[B]Case Name: [/B][I]James Brown v. Cenac Towing Co., Inc.
[/I][B]Date Decided: [/B]February 12, 2010
[B]Court: [/B]U.S.D.C. E.D. Louisiana
[B]Judge: [/B]Judge Berrigan
[B]Citation: [/B]2010 WL 520492 (E.D.La.)[B]Background:
[/B]Before this Court was a motion for partial summary judgment filed by Cenac Towing Co., Inc. Plaintiff, James Brown, brought this action alleging Jones Act negligence, unseaworthiness, and maintenance and cure under general maritime law.
Brown alleged that he was completing the loading procedure of the barge by disconnecting a flange end of the hydraulic loading arm with another tankermen when Valero’s dock man prematurely began loading the arm and Brown became pinned between the arm and a winch located on the barge.
Did this Court grant Cenac Towing’s motion for partial summary judgment?
[/B]This Court found that nothing presented in the complaint, memoranda, or accompanying deposition suggested any negligence on behalf of Cenac. Brown suggests the possibility of negligence on behalf of the Valero employee who was operating the loading arm as well as potential unseaworthiness as a result of the loading arm allegedly malfunctioning.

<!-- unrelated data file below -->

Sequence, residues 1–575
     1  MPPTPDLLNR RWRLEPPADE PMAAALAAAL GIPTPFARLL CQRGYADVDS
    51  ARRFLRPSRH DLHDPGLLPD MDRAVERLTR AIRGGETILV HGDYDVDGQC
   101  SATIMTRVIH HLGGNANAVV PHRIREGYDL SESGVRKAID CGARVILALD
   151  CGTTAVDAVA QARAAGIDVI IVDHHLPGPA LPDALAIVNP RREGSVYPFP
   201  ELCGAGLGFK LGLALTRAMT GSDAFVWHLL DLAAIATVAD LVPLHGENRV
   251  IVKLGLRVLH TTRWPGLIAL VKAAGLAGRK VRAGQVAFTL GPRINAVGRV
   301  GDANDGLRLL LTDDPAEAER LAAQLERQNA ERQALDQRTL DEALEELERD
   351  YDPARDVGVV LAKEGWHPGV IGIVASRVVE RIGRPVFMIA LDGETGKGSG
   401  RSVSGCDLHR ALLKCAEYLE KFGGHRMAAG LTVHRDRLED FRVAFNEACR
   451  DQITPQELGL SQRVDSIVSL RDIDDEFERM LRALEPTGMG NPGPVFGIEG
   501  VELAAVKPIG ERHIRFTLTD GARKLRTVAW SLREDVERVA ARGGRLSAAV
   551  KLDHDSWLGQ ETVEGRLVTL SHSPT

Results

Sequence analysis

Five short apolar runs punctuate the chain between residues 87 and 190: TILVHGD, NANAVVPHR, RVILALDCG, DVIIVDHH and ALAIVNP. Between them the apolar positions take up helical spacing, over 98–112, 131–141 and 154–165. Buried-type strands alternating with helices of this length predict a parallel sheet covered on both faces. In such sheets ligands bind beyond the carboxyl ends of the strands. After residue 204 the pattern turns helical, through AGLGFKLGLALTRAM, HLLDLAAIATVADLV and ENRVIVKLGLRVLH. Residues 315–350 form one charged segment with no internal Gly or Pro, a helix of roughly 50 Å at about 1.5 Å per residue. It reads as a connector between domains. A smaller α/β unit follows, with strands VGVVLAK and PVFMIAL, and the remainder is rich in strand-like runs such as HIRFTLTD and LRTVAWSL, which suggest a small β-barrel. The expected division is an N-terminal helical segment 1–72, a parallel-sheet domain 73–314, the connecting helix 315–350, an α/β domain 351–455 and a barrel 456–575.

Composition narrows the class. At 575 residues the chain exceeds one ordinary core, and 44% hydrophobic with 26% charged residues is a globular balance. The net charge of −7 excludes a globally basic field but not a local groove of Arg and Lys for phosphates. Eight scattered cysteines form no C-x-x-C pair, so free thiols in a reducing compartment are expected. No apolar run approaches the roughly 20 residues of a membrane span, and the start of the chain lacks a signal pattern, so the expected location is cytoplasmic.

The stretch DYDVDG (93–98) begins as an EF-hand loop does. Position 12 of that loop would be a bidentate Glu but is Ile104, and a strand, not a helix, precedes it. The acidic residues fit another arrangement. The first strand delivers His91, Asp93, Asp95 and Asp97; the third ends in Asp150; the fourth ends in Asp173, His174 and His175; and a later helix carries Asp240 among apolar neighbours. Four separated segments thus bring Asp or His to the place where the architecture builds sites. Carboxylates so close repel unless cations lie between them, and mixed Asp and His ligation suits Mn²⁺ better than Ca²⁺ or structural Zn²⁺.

However, Brown failed to contend anything Cenac did caused his injury OR that they were negligent to begin with.
Accordingly, this Court found no material issue of material fact whether Cenac was negligent and was therefore, the proximate cause of Brown’s injury.
To show liability in a Jones Act claim, a plaintiff must show negligent breach of duty and proximate cause that is imputed to the employer. [/B]
[B]Even the slightest employer negligence is sufficient for a finding of liability to an injured seaman ([I]Spinks v. Chevron Oil Co., 507 F.2d 216)[/I]. Here, the plaintiff failed to allege [I]any [/I]negligence by the defendant. [/B]
[B]Steve Gordon [/B]